April 28, 2010

Robot Encourages Weight Loss

A new tool for dieters is scheduled to be released later this year, but this one actually talks to you and tells you what you need to hear.

A robot, named Autom, developed by Cory Kidd, a graduate of the Massachusetts Institute of Technology, will allow dieters to have encouraging interactions with the 15-inch-tall device, as it counts calories and provides feedback about their weight-loss progress.

Autom has a unique computer inside its head that allows it to search out a human face in front of it and maintain eye contact. It greets the user with a female American voice, saying "Hello, I'm Autom! Press one of the buttons below to talk to me."

Users tap details onto the robot's screen in response to its spoken questions about weight, diet, exercise and goals and over time it builds up knowledge of the user's strengths and weaknesses. It then tailors questions and advice according to the knowledge it gathers.

Kidd, who has a doctorate in human-robot interaction, said the robot will be released later this year for around $500.

The multi-billion dollar US weight loss market has already been targeted by Nintendo with its Wii Fit and collection of games to help with weight loss and keeping fit, but Kidd believes his new technology will give dieters a more personalized way of slimming down.

The robot is a so-called sociable robot, a new advance in robotics that let robots adapt their behavior in order to interact more efficiently with humans.

Autom is a fairly simple looking creature; it has a head and neck attached to a rectangular box-shaped body with two stumpy legs. The face has two eyes, no nose, and a hint of a mouth.

Although it may look simple, it uses cutting-edge technology in human-robot interaction based on insights from social sciences and medicine.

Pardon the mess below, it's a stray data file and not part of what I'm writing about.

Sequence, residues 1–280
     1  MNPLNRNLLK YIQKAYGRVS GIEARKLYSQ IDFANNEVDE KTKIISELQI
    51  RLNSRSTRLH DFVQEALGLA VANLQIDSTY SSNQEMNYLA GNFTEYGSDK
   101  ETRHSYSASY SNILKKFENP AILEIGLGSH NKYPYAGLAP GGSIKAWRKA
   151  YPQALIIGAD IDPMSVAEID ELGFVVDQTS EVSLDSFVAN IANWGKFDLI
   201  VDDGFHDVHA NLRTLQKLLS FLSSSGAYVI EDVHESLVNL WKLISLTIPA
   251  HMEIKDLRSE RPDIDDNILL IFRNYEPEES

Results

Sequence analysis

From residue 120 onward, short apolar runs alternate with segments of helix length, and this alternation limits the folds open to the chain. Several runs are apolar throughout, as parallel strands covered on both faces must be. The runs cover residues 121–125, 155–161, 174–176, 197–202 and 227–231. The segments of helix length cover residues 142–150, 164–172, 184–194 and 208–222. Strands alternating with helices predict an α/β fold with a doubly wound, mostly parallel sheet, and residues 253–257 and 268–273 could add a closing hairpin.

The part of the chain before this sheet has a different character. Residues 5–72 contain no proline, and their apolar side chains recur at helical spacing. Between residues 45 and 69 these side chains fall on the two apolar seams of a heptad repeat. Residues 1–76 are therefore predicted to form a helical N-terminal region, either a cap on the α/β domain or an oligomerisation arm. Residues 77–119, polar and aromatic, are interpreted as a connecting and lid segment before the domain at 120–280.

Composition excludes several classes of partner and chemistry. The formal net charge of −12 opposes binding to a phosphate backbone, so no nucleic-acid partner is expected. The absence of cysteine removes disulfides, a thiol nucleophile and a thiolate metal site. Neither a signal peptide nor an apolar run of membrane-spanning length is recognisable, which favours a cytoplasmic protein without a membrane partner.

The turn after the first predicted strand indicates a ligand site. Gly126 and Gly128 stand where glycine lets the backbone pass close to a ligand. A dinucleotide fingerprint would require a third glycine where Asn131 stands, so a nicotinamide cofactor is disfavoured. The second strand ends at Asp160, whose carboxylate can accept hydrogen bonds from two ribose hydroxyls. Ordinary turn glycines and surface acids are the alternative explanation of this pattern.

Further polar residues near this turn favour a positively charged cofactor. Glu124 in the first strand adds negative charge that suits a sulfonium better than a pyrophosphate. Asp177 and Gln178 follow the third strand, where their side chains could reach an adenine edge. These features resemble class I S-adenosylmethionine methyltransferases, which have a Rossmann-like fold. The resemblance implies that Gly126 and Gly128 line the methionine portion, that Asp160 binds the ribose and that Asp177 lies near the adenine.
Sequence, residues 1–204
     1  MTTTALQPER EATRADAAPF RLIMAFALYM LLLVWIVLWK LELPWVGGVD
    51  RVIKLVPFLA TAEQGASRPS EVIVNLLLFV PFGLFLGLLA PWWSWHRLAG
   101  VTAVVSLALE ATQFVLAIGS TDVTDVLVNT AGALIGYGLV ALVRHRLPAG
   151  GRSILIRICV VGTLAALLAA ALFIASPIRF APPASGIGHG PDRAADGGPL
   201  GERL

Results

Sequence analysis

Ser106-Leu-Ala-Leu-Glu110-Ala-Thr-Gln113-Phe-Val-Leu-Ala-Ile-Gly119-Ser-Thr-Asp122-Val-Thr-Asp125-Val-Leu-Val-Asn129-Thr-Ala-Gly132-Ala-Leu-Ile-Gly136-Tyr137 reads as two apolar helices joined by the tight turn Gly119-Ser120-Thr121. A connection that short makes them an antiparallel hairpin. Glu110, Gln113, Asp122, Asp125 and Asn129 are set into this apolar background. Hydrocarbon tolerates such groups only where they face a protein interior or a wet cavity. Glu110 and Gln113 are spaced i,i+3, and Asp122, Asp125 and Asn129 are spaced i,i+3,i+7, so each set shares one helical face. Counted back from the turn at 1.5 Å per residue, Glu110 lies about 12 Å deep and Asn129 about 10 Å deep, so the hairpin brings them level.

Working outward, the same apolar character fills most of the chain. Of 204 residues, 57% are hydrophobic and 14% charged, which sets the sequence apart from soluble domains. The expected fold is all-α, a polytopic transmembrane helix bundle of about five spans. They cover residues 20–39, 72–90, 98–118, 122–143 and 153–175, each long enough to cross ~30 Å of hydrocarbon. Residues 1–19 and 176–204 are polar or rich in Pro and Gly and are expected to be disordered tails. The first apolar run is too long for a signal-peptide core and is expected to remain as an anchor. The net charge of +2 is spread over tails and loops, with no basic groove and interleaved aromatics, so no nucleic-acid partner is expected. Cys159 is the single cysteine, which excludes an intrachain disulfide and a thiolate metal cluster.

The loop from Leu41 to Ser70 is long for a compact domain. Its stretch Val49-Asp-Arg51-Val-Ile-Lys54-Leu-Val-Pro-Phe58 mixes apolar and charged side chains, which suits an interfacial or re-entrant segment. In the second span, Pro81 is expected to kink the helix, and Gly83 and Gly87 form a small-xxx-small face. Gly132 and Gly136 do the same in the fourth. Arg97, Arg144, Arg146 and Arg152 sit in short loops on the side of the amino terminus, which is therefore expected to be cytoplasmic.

"It draws heavily on human psychology -- so understanding how we as people interact with one another," Kidd told AFP. "It relies on cues that people use in everyday communication."

One example is how Autom looks down at the screen on its torso when asking for the user to punch information in, much like the way humans naturally glance at something they are mentioning.

Currently, a more developed model is being worked on that will use voice recognition technology so the dieter can speak to the robot along with using the touch screen. That model is due out next year.

Some experts in the medical field might have reservations about how successful the robot will be. Lona Sandon, assistant professor of clinical nutrition at the University of Texas, is one of those people.

"For some people it could be a good tool. You need constant feedback so I can see how it would be beneficial but there is a novelty factor and some will just get bored of it when that wears off like they do with everything else," Sandon told AFP.

However, according to Kidd, the robot's human qualities, although primitive, were an important factor in keeping 15 dieters motivated during the trial run in the Boston region.

The trial also had 15 dieters use a computer running software identical to Autom's and 15 more used a paper log. Each had to stick to a certain eating and exercise routine.

The average time dieters used the robot -- 51 days -- was almost twice as long as those who used paper -- 27 days -- and 40 percent long than those who used the computer.

"Even if you have an animated character that looks exactly like Autom on the computer screen, you cannot have the same interaction as you can with an actual robot," Kidd says.

Kidd said the robot used in the trial was a rougher version of Autom, but was extremely effective at "engaging someone over a period of time and helping them to stick with whatever diet program they were on."

The fact that people actually humanized their robots made the information it gave them seem more credible. Some users gave the robots their own personal names and other even dressed them up in hats and scarves.

Kidd says users will have more possibilities in the next few years and in another 30 years, this model will "look very primitive."

"Technology has really advanced in the last decade to allow us to finally create something like this. A lot of what goes into this would 10 years ago have not been possible. Five years ago it would not have been feasible and two years ago it would not have been affordable," he said.

Kidd's company Intuitive Automata is based in Hong Kong and Autom also speaks Chinese -- both Cantonese and Mandarin.

Kidd is confident the robot can be adapted to use different languages and cultures as well as other health issues, such as drug and alcohol abuse, diabetes, and chronic disease management.

The UN Economic Commission and the International Federation of Robotics forecast the market for robots will be worth about $52 billion dollars by 2025.


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